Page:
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Prisoner of Conscience
Don Yaeger
April 15, 2002
In a jailhouse interview Jim Brown sounds off about his life behind bars, the NFL and do-nothing sports stars
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April 15, 2002

Prisoner Of Conscience

In a jailhouse interview Jim Brown sounds off about his life behind bars, the NFL and do-nothing sports stars

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Brown: Sure it does, but it doesn't surprise me. Money has changed today's black athletes. Those who have the ability as African men to bring a change in a community that so desperately needs it are concentrating only on their own careers, some charities and how much money they can make.

SI: Which athletes disappoint you the most?

Brown: The ones that are most popular and most powerful. Michael Jordan would be one. Charles [Barkley] is talking about issues, but I don't think Charles is in touch with the community. They're all nice guys, now—don't misunderstand me. But they have the ears of the general public, they have the money, and they could call together 100 black athletes and solve so many problems in these inner cities, it would be unbelievable.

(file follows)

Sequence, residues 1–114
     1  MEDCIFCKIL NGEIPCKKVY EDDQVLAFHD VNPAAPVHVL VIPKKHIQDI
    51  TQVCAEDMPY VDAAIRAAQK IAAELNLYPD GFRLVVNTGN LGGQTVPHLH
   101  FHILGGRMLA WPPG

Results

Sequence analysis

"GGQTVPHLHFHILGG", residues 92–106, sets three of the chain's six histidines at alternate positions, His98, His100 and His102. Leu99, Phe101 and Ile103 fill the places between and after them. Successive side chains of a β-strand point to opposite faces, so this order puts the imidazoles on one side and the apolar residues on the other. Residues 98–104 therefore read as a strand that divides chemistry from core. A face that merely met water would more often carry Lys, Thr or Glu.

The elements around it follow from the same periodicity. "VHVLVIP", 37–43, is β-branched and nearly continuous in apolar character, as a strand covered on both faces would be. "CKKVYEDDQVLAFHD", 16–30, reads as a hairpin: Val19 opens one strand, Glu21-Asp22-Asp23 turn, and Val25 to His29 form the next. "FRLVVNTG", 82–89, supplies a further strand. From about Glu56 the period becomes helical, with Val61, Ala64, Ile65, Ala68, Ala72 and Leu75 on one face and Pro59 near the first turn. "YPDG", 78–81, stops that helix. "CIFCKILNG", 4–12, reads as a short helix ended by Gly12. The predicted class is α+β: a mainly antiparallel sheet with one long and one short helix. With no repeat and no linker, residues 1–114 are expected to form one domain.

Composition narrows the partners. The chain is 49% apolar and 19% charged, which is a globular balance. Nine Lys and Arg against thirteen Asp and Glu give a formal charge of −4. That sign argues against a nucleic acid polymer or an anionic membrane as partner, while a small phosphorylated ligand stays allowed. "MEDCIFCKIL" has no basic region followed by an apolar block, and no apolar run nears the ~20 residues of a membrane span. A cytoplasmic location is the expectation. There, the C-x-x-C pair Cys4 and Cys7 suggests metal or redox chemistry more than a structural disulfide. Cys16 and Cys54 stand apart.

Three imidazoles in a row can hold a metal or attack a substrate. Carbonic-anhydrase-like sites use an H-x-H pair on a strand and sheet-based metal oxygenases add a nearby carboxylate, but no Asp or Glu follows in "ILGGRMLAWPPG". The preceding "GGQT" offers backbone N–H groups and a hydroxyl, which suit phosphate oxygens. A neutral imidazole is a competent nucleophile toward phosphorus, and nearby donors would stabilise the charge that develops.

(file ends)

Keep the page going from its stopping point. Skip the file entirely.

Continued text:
SI: What's different about today's black athlete from those you gathered in support of AH in '67?

Brown: They are the beneficiaries of our struggle. But they don't recognize that because they're inundated with agents, managers, lawyers and owners who don't want them to do anything but play ball and hopefully keep themselves out of trouble and just be physical freaks of nature with no [awareness] of decision-making power.

SI: What current athlete do you admire?

Brown: Compared with a Bill Russell?

SI: Sure.

Brown: Nobody.

SI: Compared with a Jim Brown.

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